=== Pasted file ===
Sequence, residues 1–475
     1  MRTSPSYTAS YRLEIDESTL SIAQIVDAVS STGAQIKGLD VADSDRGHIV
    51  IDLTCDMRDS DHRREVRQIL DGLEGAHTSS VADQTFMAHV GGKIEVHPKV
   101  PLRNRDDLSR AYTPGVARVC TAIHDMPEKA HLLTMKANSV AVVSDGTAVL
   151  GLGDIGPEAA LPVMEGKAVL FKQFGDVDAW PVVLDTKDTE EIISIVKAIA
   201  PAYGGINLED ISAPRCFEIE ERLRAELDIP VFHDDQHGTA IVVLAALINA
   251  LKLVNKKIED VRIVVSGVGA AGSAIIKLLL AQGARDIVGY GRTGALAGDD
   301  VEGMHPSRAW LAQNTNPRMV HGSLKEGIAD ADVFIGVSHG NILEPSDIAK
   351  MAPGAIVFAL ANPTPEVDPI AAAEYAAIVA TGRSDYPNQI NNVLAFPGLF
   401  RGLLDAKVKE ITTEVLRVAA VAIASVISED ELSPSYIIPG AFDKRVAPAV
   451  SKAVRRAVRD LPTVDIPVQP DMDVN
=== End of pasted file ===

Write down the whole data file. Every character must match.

Sequence, residues 1–475
     1  MRTSPSYTAS YRLEIDESTL SIAQIVDAVS STGAQIKGLD VADSDRGHIV
    51  IDLTCDMRDS DHRREVRQIL DGLEGAHTSS VADQTFMAHV GGKIEVHPKV
   101  PLRNRDDLSR AYTPGVARVC TAIHDMPEKA HLLTMKANSV AVVSDGTAVL
   151  GLGDIGPEAA LPVMEGKAVL FKQFGDVDAW PVVLDTKDTE EIISIVKAIA
   201  PAYGGINLED ISAPRCFEIE ERLRAELDIP VFHDDQHGTA IVVLAALINA
   251  LKLVNKKIED VRIVVSGVGA AGSAIIKLLL AQGARDIVGY GRTGALAGDD
   301  VEGMHPSRAW LAQNTNPRMV HGSLKEGIAD ADVFIGVSHG NILEPSDIAK
   351  MAPGAIVFAL ANPTPEVDPI AAAEYAAIVA TGRSDYPNQI NNVLAFPGLF
   401  RGLLDAKVKE ITTEVLRVAA VAIASVISED ELSPSYIIPG AFDKRVAPAV
   451  SKAVRRAVRD LPTVDIPVQP DMDVN